Original article

Scand J Work Environ Health 2017;43(6):587-594  Price: EUR 15.00 Add to Cart

doi:10.5271/sjweh.3678

Changes in working conditions and major weight gain among normal- and overweight midlife employees

by Niskanen R, Holstila A, Rahkonen O, Lallukka T

Objectives We aimed to examine the association between changes in psychosocial working conditions and major weight gain among midlife women and men. Furthermore, we examined the associations separately among normal- and overweight participants.

Methods We used survey data among employees of the City of Helsinki, Finland, from 2000–2002 (phase 1, N=8960), 2007 (phase 2, N=7332), and 2012 (phase 3, N=6814), with a final study sample of 4369 participants. We examined changes in job strain, job demands, and job control from phase 1 to 2. We defined major weight gain as ≥10% weight gain between phases 1 and 3 based on self-reported weight (kg). We performed logistic regression analysis adjusting for baseline age, marital status, and occupational class, stratifying by gender and by baseline body mass index.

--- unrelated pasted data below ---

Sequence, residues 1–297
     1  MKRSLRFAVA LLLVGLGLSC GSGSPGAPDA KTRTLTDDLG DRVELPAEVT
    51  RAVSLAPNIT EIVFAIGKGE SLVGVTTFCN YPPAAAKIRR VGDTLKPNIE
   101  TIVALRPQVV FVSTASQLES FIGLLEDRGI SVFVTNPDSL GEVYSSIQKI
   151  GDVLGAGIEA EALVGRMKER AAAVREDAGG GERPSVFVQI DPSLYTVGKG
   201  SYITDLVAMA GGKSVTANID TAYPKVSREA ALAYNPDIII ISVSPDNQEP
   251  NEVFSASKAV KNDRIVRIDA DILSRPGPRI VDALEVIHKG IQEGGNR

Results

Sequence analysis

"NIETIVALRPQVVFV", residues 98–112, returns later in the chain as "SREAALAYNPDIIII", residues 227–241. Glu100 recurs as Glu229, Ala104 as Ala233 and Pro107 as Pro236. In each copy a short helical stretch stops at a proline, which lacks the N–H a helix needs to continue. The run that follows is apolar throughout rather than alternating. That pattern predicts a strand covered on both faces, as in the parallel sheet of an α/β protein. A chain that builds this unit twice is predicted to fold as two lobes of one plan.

Results Job demands among both genders and job strain among women was associated with major weight gain. Furthermore, increased job demands [odds ratio (OR) 1.52, 95% CI 1.05–2.20] or increased job strain (OR 1.53, 95% CI 1.11–2.11) was associated with major weight gain among overweight women. Normal-weight men reporting decreased job demands (OR 4.11, 95% CI 1.48–11.40) and overweight men reporting increasing job demands (OR 2.93, 95% CI 1.26–6.82) exhibited higher odds of major weight gain.

Conclusions Associations between working conditions and weight gain appeared primarily weak. Our study suggests that overweight individuals might be at a higher risk of weight gain when facing psychosocial strain in the workplace.

This article refers to the following texts of the Journal: 2015;41(6):511-518  2013;39(3):241-258  2008;34(4):288-296